Oberlin Police Chief Hire Sparks Controversy Within Department

Despite the Oberlin Police Department’s announcement in August to hire Elyria Police Officer Clarence “Ryan” Warfield as its new police chief, that desk still remains empty. Warfield has yet to accept his potential position not only because of the time required for a full background check, but also due to opposition from multiple sergeants in the department.

Warfield has over two decades of experience with the Elyria Police Department, where he began as a road patrol officer and eventually served in the community impact and investigative units. Town officials and current members of the Oberlin Police Department have variously voiced their support — or lack thereof — for the potential hire.

City Manager Rob Hillard was heavily involved in the process for selecting Oberlin’s new police chief, publicly endorsing Warfield as the prime candidate.

“[Warfield] is a great individual and exhibited the traits that I thought were acceptable based on the listening session criteria,” Hillard said.

Hillard added that he was interested in hiring a candidate focused on community building, working with youth in the community, and continuing to build a great relationship with Oberlin College and felt confident that Warfield will do just that.

Many officers disagree, however. Sergeants Patrick Durica, Melissa Lett, and Steve Chapman recently wrote to City Council expressing their lack of confidence in Warfield’s hiring, calling him the “least qualified candidate” for the position. They cited disciplinary infractions Warfield received while working for the Elyria Police Department as means for disqualification.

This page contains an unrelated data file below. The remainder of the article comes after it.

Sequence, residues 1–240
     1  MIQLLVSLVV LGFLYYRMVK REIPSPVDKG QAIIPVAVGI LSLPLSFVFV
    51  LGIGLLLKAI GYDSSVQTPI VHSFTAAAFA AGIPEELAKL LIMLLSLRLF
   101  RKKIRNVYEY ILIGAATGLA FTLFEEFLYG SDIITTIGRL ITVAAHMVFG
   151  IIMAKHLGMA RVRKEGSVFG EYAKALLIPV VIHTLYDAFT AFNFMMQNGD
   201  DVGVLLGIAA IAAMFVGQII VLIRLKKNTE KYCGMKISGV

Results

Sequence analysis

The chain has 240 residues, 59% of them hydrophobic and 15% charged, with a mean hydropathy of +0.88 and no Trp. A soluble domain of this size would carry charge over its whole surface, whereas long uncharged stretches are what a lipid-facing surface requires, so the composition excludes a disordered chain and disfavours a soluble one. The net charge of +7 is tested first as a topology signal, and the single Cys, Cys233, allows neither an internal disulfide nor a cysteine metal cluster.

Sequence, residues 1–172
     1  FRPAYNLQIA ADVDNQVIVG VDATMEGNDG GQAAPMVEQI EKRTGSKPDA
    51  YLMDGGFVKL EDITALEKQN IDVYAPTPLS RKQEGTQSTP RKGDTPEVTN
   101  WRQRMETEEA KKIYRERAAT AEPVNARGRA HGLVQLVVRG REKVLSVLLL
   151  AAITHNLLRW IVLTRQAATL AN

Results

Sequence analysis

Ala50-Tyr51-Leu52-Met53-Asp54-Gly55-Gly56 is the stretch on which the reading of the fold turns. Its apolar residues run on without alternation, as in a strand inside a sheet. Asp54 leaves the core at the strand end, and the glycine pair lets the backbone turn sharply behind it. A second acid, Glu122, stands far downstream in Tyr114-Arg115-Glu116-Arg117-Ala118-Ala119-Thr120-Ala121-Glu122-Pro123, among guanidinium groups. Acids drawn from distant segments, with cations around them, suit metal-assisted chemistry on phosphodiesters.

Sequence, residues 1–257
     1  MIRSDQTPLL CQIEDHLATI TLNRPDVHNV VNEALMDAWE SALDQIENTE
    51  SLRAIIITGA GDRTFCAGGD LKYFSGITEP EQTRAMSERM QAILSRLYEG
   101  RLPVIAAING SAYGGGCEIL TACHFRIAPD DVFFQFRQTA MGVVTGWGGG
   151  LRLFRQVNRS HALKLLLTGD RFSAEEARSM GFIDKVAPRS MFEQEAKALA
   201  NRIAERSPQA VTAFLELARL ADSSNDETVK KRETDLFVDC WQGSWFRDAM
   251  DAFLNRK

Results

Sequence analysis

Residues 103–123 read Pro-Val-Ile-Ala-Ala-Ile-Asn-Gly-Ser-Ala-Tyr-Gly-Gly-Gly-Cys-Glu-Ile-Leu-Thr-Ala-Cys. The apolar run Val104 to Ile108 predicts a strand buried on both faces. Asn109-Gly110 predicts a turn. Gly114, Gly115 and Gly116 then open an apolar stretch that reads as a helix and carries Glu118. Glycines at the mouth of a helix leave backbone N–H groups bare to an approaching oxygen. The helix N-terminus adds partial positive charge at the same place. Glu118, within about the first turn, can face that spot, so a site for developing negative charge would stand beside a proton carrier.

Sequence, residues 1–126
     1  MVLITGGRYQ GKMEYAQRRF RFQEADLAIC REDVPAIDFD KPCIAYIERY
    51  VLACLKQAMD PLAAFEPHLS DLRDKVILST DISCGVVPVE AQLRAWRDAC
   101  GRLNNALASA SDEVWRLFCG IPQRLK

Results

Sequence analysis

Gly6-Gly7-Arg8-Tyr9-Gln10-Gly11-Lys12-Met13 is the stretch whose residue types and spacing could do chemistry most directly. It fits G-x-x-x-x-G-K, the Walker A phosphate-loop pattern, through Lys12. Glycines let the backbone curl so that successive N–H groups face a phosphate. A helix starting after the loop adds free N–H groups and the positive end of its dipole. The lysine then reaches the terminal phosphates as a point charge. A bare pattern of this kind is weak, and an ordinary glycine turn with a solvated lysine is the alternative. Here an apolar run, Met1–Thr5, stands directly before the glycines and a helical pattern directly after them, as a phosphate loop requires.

“When it is taken into account with his documented discipline from his current department … he would have been eliminated as a candidate for any entry level position within the Police Department,” the letter states.

The letter also mentions that many other members of the Oberlin Police Department have taken issue with the process of selecting a new candidate. It claims that members of the police force were denied their request to have a representative from the department serve as a panelist during the selection process.

“The panelists chosen to be a part of the application and interview process consisted of two individuals who were employed together and worked closely with the chosen candidate at his current department,” the letter reads. “Additionally, another panelist was also a personal reference for the chosen candidate, which renders the question whether the process was fair and equal to all candidates.”

Hillard maintains that the search was conducted fairly.

“The process is valid,” Hillard said. “I believe that the listening session, notes, and many items that came forward represent the entire community.”

The decision to hire an external candidate versus promoting an officer currently employed by the Oberlin Police Department was another decision that was criticized by Durica, Lett, and Chapman.

“An external chief eliminates any possible promotional opportunities for those individuals who wish to excel and advance in their professions, which in turn creates unmotivated employees,” they wrote.

Hillard chose not to respond to the claims from the three sergeants that Warfield is unqualified for the position. However, he said that the decision has yet to be made official.

“I think this is important to emphasize: We’re still in the process,” Hillard said. “[Warfield] has not accepted the official hire yet. We are still doing background. From there, we’re pursuing salary parameters, and a start date would need to be determined.”

Warfield did not respond to a request for comment.